Partners in the Struggle: Dr. Ben and Frances Hooks Work for Equality in Memphis and the Nation
By J.R. (Pitt) Hyde, III
He was both a man of God and a man of the people, and she was pioneer for progress in her own right. In their powerful life’s partnership, Ben and Frances Hooks were forces for a better Memphis and for a United States that lived fully up to its founding ideals.
It’s not possible to talk about one without the other.
Together, they were bridge builders and coalition creators, bringing people together and inspiring them by their unwavering refusal to surrender to hate and division – or to even consider anyone a foe – as they led the movement for civil rights.
I was fortunate to see Ben in all kinds of settings: from emotional board meetings in the early years of the National Civil Rights Museum to pulpits where he commanded audiences’ attention like no one I have ever seen, and from breaking the color line time and time again to accepting the Presidential Medal of Freedom in the White House.
Born into the segregated South and confronted with Jim Crow laws, he embodied the nonviolent resistance philosophy of the Civil Rights Movement. He was courageous and met each challenge and every opponent with a smile and warmth. This did not mean that he was not devoted to his principles and the cause of equal rights. It meant that he saw every person as a potential proponent to the cause, refusing to respond in kind to resentment and refusing to write off anyone, even in the face of prejudice and intolerance.
In practicing what he preached, he witnessed to the cause of civil rights, mobilized its supporters, and brought in people of all stripes. He and Frances dedicated their lives to the cause of equal rights and they were always working to serve that goal. Their disarming dispositions and the depth of their character was a clear reflection of the truth and logic of that goal.
I was friends with Ben for a long, long time, and we worked together on so many projects for the betterment of our community and our country. In Memphis, in particular, that included his labor of love - the National Civil Rights Museum. He was a unifier instrumental in it becoming a true national institute, and as chairman for so many years, he brought it stability and worked in a constructive way to make it one of the country’s premier heritage and cultural museums.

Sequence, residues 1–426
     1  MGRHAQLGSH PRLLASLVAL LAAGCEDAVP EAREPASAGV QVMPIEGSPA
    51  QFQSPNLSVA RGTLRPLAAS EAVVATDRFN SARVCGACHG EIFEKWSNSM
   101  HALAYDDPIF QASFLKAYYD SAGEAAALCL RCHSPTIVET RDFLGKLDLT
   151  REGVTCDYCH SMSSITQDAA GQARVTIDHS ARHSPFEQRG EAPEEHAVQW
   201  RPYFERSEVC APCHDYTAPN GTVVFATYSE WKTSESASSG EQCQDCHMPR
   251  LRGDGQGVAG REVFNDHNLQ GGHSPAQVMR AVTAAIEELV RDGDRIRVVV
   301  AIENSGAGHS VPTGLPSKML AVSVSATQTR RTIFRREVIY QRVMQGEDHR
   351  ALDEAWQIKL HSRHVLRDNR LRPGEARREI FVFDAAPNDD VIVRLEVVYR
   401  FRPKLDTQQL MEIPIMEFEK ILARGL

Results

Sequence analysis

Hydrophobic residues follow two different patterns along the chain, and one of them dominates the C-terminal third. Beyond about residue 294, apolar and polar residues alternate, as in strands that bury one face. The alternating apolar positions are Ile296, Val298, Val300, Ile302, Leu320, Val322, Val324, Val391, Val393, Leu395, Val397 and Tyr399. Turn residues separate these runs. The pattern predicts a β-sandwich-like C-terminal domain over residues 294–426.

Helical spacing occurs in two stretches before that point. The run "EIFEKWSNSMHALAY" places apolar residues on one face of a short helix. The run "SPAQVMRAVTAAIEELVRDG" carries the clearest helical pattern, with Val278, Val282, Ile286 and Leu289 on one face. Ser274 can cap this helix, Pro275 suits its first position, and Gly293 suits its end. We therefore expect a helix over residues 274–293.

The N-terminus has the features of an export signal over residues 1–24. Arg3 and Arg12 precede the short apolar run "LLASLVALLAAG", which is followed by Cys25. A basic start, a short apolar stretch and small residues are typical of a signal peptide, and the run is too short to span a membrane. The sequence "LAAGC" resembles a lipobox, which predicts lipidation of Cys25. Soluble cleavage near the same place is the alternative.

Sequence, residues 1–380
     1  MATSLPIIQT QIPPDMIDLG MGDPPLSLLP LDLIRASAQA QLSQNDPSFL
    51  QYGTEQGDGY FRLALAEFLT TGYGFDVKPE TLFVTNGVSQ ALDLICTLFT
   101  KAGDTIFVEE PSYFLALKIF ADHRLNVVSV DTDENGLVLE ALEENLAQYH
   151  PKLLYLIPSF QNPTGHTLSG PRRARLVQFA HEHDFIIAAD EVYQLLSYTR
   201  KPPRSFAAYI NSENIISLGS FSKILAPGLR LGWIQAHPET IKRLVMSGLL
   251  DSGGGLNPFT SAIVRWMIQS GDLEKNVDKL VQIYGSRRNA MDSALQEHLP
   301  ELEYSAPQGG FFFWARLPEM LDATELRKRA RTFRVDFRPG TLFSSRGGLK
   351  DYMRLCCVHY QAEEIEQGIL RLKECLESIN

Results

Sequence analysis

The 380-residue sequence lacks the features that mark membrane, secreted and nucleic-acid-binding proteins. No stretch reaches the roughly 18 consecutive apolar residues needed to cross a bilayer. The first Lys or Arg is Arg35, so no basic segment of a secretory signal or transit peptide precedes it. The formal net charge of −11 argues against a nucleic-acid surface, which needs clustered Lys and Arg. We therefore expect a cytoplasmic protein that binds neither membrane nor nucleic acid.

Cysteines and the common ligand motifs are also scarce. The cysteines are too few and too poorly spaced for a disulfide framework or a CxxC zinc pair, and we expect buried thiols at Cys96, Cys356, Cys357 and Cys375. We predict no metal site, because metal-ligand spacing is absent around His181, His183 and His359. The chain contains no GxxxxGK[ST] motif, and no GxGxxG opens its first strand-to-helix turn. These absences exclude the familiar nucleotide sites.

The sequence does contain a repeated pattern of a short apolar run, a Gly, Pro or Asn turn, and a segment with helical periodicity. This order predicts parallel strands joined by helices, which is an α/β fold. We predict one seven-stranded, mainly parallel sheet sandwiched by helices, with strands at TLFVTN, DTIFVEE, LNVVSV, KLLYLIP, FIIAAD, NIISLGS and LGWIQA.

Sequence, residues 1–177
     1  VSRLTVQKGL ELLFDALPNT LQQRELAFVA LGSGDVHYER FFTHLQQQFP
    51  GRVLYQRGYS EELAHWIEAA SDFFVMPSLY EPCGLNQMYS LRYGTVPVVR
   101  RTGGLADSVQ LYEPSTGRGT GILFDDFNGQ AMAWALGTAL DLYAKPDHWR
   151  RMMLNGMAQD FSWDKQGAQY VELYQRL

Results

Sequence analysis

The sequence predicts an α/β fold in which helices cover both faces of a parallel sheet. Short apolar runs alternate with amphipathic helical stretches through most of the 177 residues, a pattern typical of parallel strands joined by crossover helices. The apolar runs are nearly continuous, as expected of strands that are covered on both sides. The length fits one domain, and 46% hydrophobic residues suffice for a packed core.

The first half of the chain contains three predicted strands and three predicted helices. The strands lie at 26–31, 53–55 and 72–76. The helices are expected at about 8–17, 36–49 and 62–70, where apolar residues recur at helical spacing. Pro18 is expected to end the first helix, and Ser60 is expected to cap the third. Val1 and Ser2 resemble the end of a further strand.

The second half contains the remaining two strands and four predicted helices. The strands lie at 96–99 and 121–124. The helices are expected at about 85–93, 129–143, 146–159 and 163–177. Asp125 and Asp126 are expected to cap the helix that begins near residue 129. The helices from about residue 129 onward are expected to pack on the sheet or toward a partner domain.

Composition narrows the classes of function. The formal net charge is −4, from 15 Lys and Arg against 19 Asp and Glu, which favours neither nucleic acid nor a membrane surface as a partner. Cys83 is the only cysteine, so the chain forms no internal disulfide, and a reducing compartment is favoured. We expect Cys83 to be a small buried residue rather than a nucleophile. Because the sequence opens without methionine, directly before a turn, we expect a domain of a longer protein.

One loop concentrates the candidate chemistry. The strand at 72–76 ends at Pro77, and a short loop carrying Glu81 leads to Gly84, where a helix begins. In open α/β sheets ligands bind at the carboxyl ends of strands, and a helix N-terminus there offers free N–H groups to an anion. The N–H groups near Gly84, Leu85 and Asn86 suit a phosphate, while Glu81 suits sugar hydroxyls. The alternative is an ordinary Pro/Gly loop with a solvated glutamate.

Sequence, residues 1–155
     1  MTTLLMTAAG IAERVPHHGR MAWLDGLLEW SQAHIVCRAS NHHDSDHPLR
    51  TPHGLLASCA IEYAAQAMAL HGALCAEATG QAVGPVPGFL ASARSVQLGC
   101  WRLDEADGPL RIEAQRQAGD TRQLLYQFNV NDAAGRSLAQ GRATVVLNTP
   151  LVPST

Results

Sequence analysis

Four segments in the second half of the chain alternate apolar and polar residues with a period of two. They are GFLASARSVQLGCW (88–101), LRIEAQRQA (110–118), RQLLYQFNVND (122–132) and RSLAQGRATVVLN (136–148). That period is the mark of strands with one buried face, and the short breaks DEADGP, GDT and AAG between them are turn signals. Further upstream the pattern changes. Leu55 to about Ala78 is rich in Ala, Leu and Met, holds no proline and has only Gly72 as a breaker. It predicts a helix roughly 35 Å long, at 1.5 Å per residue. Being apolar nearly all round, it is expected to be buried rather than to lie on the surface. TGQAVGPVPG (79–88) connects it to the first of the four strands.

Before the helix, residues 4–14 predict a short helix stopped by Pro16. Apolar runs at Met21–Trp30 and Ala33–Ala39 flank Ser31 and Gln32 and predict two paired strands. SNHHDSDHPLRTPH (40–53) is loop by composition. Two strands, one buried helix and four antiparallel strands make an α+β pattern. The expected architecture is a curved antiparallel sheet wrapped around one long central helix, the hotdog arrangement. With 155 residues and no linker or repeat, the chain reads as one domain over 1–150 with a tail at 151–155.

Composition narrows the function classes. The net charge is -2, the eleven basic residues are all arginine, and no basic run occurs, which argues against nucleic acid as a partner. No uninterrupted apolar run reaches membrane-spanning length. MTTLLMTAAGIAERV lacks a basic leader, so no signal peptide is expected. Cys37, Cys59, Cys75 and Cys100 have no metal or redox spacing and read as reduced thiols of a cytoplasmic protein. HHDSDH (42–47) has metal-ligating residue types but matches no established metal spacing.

Ben once described it this way: “The museum is a sacred place – consecrated by the blood of a martyr to civil rights and hallowed by millions of people who look to it as a source of reconciliation and inspiration. That’s why to me the mission of the museum has never been words on a sheet of paper. Rather, the mission is real and alive. It belongs to every American, and that’s why we have made every effort to ensure that it reflects the best of our city, that it’s a place where we are open and honest about the issues of race, and that it contributes to a reservoir of good will that is needed for our city to progress.”
It was an ambitious vision for the National Civil Rights Museum, but because of Ben, it was realized. Then again, as first African American Shelby County judge, first African American head of the Federal Communications Commission, and as head for 15 years of the NAACP, he always did an amazing job because of the magnetism of his personality and the rightness of his cause. His vast array of accomplishments was always firmly planted in the purity of his approach. He was the embodiment of Dr. Martin Luther King, Jr.’s words about open engagement while harboring malice to no one.
As Ben was first to say, he would never have accomplished as much without Frances at his side. She was an educator, mentor, role model, adviser, and friend to so many of us who were blessed to spend intimate evenings with the two of them and to talk about so many things that mattered. Her advice was always loving and straightforward, her actions were a mix of strength and humility, and the purpose she set for her life was to lift up the people around her.
When Ben was once asked what he was working for, he said: “We are working for Jesus and justice.” He regularly answered in the plural, not out of self-importance, but because he and Frances were a team – full partners in life and his work. In addition to being a champion for Ben’s work, she was co-founder of Memphis Volunteer Placement, which helped African American students apply for financial aid for college, founding member of the Women’s Foundation of Greater Memphis, and founder of Women in the NAACP.
King once said that life’s most urgent question is: What are you doing for others? Ultimately, the answer speaks to the legacy of Ben and Frances because every day they dedicated themselves to helping others unselfishly and with love. Barbara and I were blessed to have them as our friends.
Pitt Hyde is an entrepreneur and philanthropist who founded the AutoZone car parts store.